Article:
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Senate Republicans Continue Hunter Biden Investigation Post Trump Acquittal

At the center of the impeachment of President Donald Trump was the unfounded claim that Hunter Biden, son of former Vice President and current presidential candidate Joe Biden, improperly benefited from his father's office while sitting on the board of Ukrainian natural gas company Burisma. Furthermore, whether Joe Biden's role in the dismissal of a Ukrainian prosecutor had been inappropriate.

Trump's defense team contended that, by withholding Congress-approved aid to Ukraine in an attempt to have that nation's authorities announce an investigation into Hunter Biden, the president was merely rooting out corruption.

Democrats, on the other hand, contended that the act of withholding the aid was done to procure a personal political favor, namely that announcement of an investigation into the son of Trump's political rival, which constituted a bribe.

The Senate has ruled on Trump's impeachment, but it's not done with Hunter Biden.

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Now that Trump's impeachment trial is over, with the president having been acquitted on both counts of abuse of power and obstruction of Congress, Senate Republicans are forging ahead with their investigation of Hunter Biden.

Led by Finance Committee Chairman Chuck Grassley of Iowa and Homeland and Governmental Affairs Chairman Ron Johnson of Wisconsin, Senate Republicans have made formal requests for more information about "potential conflicts of interest posed by the business activities of Hunter Biden and his associates during the Obama administration," CNN reported.

No evidence of wrongdoing by Hunter Biden or Joe Biden was ever provided throughout the impeachment process.

Ukraine's former prosecutor general, Yuri Lutsenko, said he would be willing to cooperate with an FBI investigation, but insisted that he had seen no evidence Hunter Biden had done anything wrong, the Los Angeles Times reported.

Nevertheless, Senators Grassley and Johnson issued a letter to Secret Service Director James Murray requesting information about Hunter Biden, particularly about his travel arrangements, asking if he had ever used government-sponsored travel for private business.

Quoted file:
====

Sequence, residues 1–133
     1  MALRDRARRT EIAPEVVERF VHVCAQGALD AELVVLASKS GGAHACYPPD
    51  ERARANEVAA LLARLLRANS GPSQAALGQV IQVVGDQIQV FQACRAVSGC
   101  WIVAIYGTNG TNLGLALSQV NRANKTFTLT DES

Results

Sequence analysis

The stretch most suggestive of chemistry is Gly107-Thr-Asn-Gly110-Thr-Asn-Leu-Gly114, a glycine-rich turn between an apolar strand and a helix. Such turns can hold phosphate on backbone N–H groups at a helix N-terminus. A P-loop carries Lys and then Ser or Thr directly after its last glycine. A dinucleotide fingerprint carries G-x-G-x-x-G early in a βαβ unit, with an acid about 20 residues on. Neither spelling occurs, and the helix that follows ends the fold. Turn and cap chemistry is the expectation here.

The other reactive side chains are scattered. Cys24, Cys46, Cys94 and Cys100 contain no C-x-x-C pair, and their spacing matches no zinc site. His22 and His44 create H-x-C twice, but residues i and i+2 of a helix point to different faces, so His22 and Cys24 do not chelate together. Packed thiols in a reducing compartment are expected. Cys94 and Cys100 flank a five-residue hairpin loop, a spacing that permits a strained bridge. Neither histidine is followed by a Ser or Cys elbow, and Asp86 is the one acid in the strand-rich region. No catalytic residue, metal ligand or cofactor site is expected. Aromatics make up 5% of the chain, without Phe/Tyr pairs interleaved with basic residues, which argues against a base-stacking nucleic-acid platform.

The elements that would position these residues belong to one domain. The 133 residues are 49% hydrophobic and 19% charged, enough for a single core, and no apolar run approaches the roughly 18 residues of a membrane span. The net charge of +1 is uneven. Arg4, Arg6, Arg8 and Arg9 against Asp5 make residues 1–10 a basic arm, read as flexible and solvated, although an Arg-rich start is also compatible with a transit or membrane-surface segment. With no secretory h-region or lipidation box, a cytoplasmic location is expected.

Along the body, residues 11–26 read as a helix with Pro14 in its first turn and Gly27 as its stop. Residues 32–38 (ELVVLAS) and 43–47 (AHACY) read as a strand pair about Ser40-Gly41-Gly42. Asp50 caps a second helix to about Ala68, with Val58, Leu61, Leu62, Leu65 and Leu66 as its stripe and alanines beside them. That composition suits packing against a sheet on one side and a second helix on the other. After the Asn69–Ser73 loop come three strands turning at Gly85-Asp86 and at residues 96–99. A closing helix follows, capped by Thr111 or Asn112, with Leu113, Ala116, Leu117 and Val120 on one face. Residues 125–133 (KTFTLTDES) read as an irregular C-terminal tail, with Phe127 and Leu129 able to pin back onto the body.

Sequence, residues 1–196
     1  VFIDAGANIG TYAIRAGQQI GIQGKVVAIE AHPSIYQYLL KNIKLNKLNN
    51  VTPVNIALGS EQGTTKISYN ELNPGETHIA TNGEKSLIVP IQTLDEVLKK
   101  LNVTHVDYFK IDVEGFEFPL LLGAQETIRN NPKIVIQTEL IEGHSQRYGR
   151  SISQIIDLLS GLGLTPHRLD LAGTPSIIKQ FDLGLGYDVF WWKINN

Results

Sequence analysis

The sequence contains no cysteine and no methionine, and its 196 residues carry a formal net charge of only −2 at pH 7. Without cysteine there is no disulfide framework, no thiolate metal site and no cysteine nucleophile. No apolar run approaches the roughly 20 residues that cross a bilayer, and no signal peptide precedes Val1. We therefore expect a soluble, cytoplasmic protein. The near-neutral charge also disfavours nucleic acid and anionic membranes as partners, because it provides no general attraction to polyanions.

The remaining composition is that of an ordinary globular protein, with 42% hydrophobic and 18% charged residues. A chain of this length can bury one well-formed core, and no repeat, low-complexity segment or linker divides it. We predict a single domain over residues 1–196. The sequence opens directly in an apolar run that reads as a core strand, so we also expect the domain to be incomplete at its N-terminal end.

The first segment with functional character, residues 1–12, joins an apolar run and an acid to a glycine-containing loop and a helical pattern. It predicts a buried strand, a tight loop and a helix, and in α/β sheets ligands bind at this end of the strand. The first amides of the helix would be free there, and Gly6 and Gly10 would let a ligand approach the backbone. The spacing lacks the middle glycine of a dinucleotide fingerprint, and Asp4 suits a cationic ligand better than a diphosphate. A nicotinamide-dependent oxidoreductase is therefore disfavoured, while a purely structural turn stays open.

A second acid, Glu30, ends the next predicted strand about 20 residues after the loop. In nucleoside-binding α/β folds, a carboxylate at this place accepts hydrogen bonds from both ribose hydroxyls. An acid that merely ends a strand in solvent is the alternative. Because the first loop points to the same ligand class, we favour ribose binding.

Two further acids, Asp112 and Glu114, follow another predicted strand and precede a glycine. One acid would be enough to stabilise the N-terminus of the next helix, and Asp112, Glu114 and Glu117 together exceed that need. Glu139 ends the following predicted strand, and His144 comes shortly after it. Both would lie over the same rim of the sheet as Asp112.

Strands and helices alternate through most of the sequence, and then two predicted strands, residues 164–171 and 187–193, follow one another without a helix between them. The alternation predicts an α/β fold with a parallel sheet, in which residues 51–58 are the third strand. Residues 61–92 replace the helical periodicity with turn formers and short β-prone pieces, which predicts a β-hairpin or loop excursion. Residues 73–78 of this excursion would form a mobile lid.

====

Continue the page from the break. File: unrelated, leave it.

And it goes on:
Travel is only one avenue being explored by Senate Republicans, however.

In November, Grassley and Johnson requested sensitive financial information about Hunter Biden from the Treasury Department, and it appears that their request was successful, HuffPost reported.

It's unclear exactly what information was handed over to the Senators, but the Treasury Department collects suspicious activity reports from financial institutions when they suspect transactions may involve money laundering.

Some have accused the Treasury Department of hypocrisy in handing over the documents.

In 2019, House Ways and Means Chairman Richard Neal requested the Treasury Department hand over six years of President Trump's tax returns. Treasury Secretary Steve Mnuchin denied the request, saying "The legal implications of this request could affect protections for all Americans against politically-motivated disclosures of personal tax information, regardless of which party is in power."

Steve Rosenthal of the Urban-Brookings Tax Policy Center said that the Treasury Department's granting of the Republicans' request undercuts Mnuchin's statement.

"For [Treasury] to go willy-nilly handing out financial information of private citizens...is simply outrageous," he told HuffPost.

As far as the removal of Ukrainian prosecutor general Viktor Shokin is concerned, Joe Biden was indeed vocal in pushing for his removal.

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And in March 2016, Shokin was fired.

Any investigations into Burisma covered periods before Hunter Biden joined the company's board, and Shokin's ouster had long been called for not just by Biden, but also by the E.U. and by Senate Republicans — including Senator Johnson — as Shokin had shown a reluctance to pursue any major prosecutions whatsoever. At the time, Shokin had a 3.5% public approval rating.

h/t: CNN, HuffPost, Independent, Los Angeles Times